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Re: lynx-dev '\' reloading documents

From: David Woolley
Subject: Re: lynx-dev '\' reloading documents
Date: Thu, 29 May 2003 21:30:55 +0100 (BST)

> Yes, and irritating it is too.  I wish I could get more browsers to
> ignore the gratuitous no-cache pragmas that some sites send.

They are typically invalid and largely ineffective as well.  As far
as I know, HTTP/1.1 only define Pragma: no-cache in the client to
server direction.   At a HTTP/1.0 compatibility level, I think Expires
is what they should use.  I suspect that big 2 browsers ignore the 
standard in this respect, although it is also possible that Pragma:
no-cache from server to client is totally apocryphal.

Moreover, shared caches totally ignore the payload of the HTTP response,
so don't see them (they are probably more likely to not cache because of
Cookies in the request, or the lack of a correlator (Last-Modified, or
ETag) in the response).

I think the basic reason that starting web designers always ask how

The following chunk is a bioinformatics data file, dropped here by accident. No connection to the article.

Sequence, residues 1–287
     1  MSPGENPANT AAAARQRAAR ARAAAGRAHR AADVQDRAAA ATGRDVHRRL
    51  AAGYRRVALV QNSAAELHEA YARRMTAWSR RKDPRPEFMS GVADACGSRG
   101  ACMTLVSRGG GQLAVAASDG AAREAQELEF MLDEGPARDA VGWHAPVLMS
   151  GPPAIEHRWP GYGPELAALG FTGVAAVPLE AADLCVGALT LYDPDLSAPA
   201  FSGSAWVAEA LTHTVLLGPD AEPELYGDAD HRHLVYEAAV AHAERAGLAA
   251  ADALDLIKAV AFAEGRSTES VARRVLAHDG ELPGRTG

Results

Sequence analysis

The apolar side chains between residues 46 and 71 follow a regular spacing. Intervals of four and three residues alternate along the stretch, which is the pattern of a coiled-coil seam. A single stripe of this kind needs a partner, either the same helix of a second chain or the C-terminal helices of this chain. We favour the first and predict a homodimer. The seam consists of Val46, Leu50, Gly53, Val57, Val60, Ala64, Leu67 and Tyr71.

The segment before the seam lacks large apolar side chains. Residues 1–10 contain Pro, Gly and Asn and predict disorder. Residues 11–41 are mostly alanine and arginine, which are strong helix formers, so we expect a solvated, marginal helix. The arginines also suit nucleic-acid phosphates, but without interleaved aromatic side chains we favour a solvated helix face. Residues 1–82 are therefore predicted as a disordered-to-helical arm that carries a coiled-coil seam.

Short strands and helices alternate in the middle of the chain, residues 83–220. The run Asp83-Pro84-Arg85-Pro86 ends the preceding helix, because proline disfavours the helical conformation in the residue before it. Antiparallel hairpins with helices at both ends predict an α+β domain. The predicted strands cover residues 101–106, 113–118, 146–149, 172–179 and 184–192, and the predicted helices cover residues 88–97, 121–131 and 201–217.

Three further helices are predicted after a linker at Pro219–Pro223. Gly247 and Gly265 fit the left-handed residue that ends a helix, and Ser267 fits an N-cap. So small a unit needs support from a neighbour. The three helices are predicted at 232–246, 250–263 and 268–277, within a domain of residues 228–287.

to frustrate caching is that it avoids the need to think, including
learning more than one technology (HTTP as well as HTML) and choosing
exactly which cache control directives are needed to maintain function,
but maximise performance.  Thinking, and employing people that can
think costs businesses money.

A secondary reason is probably the desire to get cookies back, even on
static pages, for market research purposes.   (I can't remember whether
HTTP/1.1 caches are supposed to infer a Vary: Cookie header, when there is
a cookie in the request, or actually require it to be present, to be
effective.  Either way, that's a two technology situation in a one
technology world. (If you just want to track with HTTP/1.1, you should
use cache-control: must-revalidate, so that only If-Modified requests go
end to end.))

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